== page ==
With Weeks heating up, Brewers option Gennett

With Weeks heating up, Brewers option Gennett

With Weeks heating up, Brewers option Gennett

MILWAUKEE -- Scooter Gennett was about 2 feet short of a pinch-hit, walk-off home run in the ninth inning of the Brewers' 5-4 loss to the Cubs on Wednesday night at Miller Park.

Turns out he that will be his last Major League memory for the time being, as the team optioned him to Triple-A Nashville after the game and purchased the contract of first baseman/outfielder Sean Halton.

"With Rickie [Weeks] swinging the bat as good as he is, we'd like to play Rick more," Brewers manager Ron Roenicke said. "We really like Scooter, we don't want him sitting here. He did a nice job for us. Played good defense, almost had a big hit for us here today."

Gennett was called up from Nashville on June 3 and saw plenty of time with Weeks' early season struggles. He appeared in 17 games, including 10 starts at second base. The 5-foot-10 left-handed hitter hit .214 with a home run and five RBIs.

But once Gennett joined the team, Weeks turned a corner and is in the midst of a hot month, hitting .435 with five home runs and nine RBIs in June as he rides a 10-game hitting streak.

"It's unfortunate, but I'll take the opportunity to get better and be more prepared when I come back," Gennett said. "I take a lot from the experience, being able to learn from guys that have been playing the game for a while. Just try to take as much as I can back and incorporate it into my game and hopefully get better."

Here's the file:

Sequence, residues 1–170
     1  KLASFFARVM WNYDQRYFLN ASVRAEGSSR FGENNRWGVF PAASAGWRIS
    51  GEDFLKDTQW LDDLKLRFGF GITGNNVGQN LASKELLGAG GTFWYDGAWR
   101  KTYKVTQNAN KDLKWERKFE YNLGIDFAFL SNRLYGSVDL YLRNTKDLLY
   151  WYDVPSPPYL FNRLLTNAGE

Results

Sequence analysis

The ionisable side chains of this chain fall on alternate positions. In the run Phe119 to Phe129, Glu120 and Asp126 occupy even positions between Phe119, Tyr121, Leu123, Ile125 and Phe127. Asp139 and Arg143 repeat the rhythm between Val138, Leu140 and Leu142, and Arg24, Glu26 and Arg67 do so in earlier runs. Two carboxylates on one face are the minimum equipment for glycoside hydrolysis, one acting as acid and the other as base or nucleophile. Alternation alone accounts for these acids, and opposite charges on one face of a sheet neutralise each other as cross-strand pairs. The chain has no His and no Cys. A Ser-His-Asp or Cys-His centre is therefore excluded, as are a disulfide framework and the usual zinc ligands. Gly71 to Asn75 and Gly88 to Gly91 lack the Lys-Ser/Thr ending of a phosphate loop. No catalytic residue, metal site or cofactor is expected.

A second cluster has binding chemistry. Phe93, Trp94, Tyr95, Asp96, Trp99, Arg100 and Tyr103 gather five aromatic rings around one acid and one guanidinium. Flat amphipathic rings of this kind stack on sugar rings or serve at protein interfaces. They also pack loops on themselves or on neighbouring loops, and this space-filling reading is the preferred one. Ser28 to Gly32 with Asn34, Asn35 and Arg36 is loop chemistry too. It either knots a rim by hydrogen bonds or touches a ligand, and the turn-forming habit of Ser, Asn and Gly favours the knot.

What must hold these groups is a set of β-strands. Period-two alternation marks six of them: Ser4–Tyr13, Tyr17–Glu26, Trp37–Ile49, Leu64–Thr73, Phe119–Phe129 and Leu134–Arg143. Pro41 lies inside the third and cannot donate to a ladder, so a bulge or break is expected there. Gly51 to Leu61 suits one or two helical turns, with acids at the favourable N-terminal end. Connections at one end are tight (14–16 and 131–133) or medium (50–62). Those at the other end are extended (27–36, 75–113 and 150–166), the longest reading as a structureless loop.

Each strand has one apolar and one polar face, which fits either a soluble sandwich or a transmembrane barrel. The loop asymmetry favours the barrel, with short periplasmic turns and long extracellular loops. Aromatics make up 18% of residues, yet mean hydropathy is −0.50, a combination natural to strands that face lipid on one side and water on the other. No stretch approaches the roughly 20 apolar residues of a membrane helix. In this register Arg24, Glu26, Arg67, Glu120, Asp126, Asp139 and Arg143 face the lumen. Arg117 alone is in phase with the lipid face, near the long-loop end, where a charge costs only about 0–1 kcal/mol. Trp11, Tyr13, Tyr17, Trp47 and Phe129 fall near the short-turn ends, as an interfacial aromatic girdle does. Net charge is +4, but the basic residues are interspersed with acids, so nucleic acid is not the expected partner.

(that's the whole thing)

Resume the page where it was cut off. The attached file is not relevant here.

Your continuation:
Cubs manager Dale Sveum had good things to say about Gennett after watching his ninth-inning fly ball come up just short of the right-field wall.

"When that ball left the bat, I ain't lying, I thought it was a homer, especially in this ballpark," Sveum said. "I like that kid. He's going to be a good Major League player. He came over to big league camp when I was over there. I've seen him hit some bombs. That little guy can hit the ball a long way."

Roenicke said Halton can play first base, left field and even a bit of right field. The move also gives the Brewers a right-handed outfield bat.

Halton hit .288 with nine home runs and 35 RBIs in 66 games for Nashville this year.

Kevin Massoth is an associate reporter for MLB.com. This story was not subject to the approval of Major League Baseball or its clubs.